Not the winning but the taking part: what do the host city experiences of London and Tokyo signal for the future of the Olympic Games?

As London readies itself to host the 2012 Olympic Games amidst extensive discussion of what the legacy of the event will be, there is also a great deal of interest in similar topics in Tokyo as it prepares its bid to host the Games in 2020. The Tokyo 1964 Olympic Games were a key part of the development of Japan in the context of its post-war recovery and had an important role in how the city came to be as it is today. This historical story will be addressed by Prof Yasushi Aoyama, Professor at the Graduate School of Governance Studies of Meiji University, Tokyo, and former Vice-Governor of the Tokyo Metropolitan Government. Prof Aoyama will also provide a Japanese perspective on the London 2012 Games as part of considering what the role of the Olympic Games can and should be in the future, considering the Olympic movement’s interaction with problems facing cities around the world. His presentation will be responded to by Prof John Gold of Oxford Brookes University, who is the co-author of Olympic Cities City Agendas, Planning, and the World’s Games, 1896 to 2016 and an international authority on the history of urban festivals. Therefore this event will provide an intriguing range of perspectives on the impact of the Olympic Games in terms of politics, development and how cities evolve over time, whilst looking forward to see what positive role the Games can play in the future.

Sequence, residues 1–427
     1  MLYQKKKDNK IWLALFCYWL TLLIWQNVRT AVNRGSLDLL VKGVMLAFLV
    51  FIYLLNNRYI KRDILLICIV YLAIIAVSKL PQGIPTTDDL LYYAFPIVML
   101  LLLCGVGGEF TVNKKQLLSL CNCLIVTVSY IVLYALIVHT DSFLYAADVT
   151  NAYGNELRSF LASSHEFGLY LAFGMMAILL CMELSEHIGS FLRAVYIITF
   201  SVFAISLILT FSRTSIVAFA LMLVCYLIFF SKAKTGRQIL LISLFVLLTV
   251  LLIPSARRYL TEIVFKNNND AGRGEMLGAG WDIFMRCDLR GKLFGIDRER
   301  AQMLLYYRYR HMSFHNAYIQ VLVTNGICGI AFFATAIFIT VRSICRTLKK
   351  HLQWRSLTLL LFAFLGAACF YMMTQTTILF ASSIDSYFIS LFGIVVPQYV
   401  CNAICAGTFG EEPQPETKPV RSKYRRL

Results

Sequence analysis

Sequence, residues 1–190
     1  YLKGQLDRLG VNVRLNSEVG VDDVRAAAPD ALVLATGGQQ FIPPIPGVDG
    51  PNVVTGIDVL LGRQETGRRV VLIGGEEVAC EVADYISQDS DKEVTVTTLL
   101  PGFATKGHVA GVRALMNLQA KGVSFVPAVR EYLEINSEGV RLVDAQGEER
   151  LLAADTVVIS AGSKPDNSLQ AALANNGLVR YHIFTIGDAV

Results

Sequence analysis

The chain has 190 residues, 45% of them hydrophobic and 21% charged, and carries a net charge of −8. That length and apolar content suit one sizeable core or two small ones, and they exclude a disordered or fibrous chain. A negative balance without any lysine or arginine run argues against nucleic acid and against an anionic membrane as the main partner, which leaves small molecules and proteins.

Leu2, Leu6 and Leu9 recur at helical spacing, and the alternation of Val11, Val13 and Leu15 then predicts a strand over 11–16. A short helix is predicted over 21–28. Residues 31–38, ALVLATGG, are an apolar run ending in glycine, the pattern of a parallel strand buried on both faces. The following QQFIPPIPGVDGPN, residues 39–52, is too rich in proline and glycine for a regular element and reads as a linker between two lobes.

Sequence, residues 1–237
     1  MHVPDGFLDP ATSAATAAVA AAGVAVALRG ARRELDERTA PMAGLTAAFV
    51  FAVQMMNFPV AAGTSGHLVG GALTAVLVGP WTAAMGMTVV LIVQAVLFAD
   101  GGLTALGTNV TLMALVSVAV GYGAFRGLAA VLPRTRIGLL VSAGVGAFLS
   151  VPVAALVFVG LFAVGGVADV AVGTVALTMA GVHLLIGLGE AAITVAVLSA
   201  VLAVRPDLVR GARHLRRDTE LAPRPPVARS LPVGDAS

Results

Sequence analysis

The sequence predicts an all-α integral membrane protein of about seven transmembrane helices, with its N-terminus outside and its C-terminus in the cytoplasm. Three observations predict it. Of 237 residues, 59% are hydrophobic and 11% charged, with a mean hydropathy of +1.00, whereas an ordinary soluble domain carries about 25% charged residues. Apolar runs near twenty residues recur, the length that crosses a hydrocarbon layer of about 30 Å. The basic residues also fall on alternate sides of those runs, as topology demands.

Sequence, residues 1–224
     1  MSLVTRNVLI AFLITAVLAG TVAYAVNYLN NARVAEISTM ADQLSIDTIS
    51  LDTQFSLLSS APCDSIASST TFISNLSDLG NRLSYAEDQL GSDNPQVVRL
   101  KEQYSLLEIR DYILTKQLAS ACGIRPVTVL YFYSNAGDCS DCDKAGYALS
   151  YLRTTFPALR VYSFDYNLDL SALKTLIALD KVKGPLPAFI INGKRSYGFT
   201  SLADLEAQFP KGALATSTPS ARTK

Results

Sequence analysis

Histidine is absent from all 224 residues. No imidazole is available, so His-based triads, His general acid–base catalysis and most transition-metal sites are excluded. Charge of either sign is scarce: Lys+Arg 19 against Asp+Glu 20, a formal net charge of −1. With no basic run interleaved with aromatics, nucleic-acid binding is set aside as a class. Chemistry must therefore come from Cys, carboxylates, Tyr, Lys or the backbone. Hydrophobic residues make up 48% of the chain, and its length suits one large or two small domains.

This event is presented in collaboration with JETRO London.

Date: 15 June 2012 from 6.30pm
Venue: JETRO London, Mid City Place, 71 High Holborn, London WC1V 6AL

This event is free but booking is essential. To reserve a place, please contact with your name, details and those of any guests before Wednesday 13th June.

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